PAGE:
By Glenn Muske
Rural and Agribusiness Enterprise Development Specialist
North Dakota State University Extension Service – Center for Community Vitality
|Glenn Muske from North Dakota
State University shares his
small business knowledge.
What people say about a product or service can have a big impact on a business’ success.
No matter whether the purchase is large or small, consumer behavior often is directed, if not driven, by what we hear from others about a specific product or about a business. In the world of marketing, we have been influenced by a ‘customer testimonial.’
My family and I are a good example of customer testimonials at work. We are probably headed out to a new restaurant this weekend. Our choice was not influenced by the commercials we heard. Our choice was driven by the positive comments others have offered about the restaurant.
Customer testimonials have been used in marketing for years. Whether informal, such as word-of-mouth, or more formalized through print media, online or video, hearing what others say has a tremendous influence on our behavior.
However, customer testimonials are more prevalent today than ever before. Consumers can leave comments on business websites, post them to social media sites of the business, use a third-party review sites such as Trip Advisor or Yelp, or simply make a post to their own online social media site.
What comes as a surprise to many business owners is the general acceptance of such posts as legitimate. Whether you know the person making the comment or not, research suggests that well in excess of 50 percent of those seeing the reviews accept the comments as accurate. And nearly one-third of respondents indicated they have been influenced by those comments.
Yet less than 30 percent of businesses include customer testimonials in their online marketing, and even fewer include them in their traditional advertising
The use of customer testimonials in marketing often is perplexing to small-business owners.
Common questions include:
- How do you get those testimonials?
- When can you get them?
- Where can you use them?
- What if the person does not offer positive comments?
The answers to these questions are surprisingly simple
Make providing a testimonial easy for the customer. The simplest way is to offer comment cards just as the customer is leaving. Better yet, ask if they would do a short video. Adding a visual element strengthens the impact of their words. Give them a disposable camera to take pictures or ask them to share their videos and pictures.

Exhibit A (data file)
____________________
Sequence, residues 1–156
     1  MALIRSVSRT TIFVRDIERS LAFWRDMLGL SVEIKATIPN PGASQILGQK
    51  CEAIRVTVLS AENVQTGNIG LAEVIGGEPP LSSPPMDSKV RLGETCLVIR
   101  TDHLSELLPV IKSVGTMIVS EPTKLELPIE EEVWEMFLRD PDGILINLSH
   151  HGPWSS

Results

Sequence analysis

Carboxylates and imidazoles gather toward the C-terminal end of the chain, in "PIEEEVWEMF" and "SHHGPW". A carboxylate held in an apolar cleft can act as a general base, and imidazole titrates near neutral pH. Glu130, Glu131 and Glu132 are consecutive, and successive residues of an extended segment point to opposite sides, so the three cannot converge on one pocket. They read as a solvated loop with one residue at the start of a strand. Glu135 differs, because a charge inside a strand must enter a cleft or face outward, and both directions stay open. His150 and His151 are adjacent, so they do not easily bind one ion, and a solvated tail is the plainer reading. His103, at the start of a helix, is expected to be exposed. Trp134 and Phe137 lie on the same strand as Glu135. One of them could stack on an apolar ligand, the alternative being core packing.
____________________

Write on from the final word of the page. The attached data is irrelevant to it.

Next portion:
To effectively use customer testimonials, you want them to be authentic and specific. You also want to have a diverse set. Change them periodically. And let your clients know that you have used their comments.
It is important that business owners remember one thing, and that is to get written permission to use the testimonial and any pictures. Also ensure the claims are truthful as outlined by the Federal Trade Commission rules and avoid misleading claims. For example, don’t promise ‘everyone will have the same experience.’
Customer stories or testimonials are a powerful marketing tool, so consider using them when developing your marketing strategy.
For more help with testimonials, consider what is available at your local Extension Service office. Also visit North Dakota State University’s small-business support website at www.ag.ndsu.edu/smallbusiness and sign up for the monthly newsletter. Small businesses anywhere in the U.S. should check out www.eXtension.org/entrepreneurship.
The Small Business Administration and its related organizations, such as the Small Business Development Centers and Service Corps of Retired Executives, and USDA Rural Development, along with many other state agencies, also can be valuable resources.
Glenn Muske is a true grass-roots expert on small business. I was impressed with him back when he worked in Oklahoma, and that carries on to his work in North Dakota. He shares articles like this with the county extension agents there, and he’s kindly granted us permission to share them here. Follow Glenn on Twitter for more small business info and links. –Becky